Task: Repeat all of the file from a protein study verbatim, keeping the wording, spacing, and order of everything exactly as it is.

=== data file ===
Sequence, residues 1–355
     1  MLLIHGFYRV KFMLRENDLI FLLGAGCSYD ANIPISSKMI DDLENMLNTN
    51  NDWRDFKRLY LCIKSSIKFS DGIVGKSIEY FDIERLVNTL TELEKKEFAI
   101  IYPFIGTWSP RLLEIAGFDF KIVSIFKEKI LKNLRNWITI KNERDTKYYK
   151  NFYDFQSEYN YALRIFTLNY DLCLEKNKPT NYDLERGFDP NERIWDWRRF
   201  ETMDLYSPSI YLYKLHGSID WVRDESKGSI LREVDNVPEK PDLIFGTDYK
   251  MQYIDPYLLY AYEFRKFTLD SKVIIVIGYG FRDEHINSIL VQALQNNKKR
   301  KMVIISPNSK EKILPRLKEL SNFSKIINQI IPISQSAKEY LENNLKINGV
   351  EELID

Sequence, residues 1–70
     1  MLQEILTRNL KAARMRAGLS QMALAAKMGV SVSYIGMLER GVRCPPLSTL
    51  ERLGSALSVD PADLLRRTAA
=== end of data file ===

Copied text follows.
Sequence, residues 1–355
     1  MLLIHGFYRV KFMLRENDLI FLLGAGCSYD ANIPISSKMI DDLENMLNTN
    51  NDWRDFKRLY LCIKSSIKFS DGIVGKSIEY FDIERLVNTL TELEKKEFAI
   101  IYPFIGTWSP RLLEIAGFDF KIVSIFKEKI LKNLRNWITI KNERDTKYYK
   151  NFYDFQSEYN YALRIFTLNY DLCLEKNKPT NYDLERGFDP NERIWDWRRF
   201  ETMDLYSPSI YLYKLHGSID WVRDESKGSI LREVDNVPEK PDLIFGTDYK
   251  MQYIDPYLLY AYEFRKFTLD SKVIIVIGYG FRDEHINSIL VQALQNNKKR
   301  KMVIISPNSK EKILPRLKEL SNFSKIINQI IPISQSAKEY LENNLKINGV
   351  EELID

Sequence, residues 1–70
     1  MLQEILTRNL KAARMRAGLS QMALAAKMGV SVSYIGMLER GVRCPPLSTL
    51  ERLGSALSVD PADLLRRTAA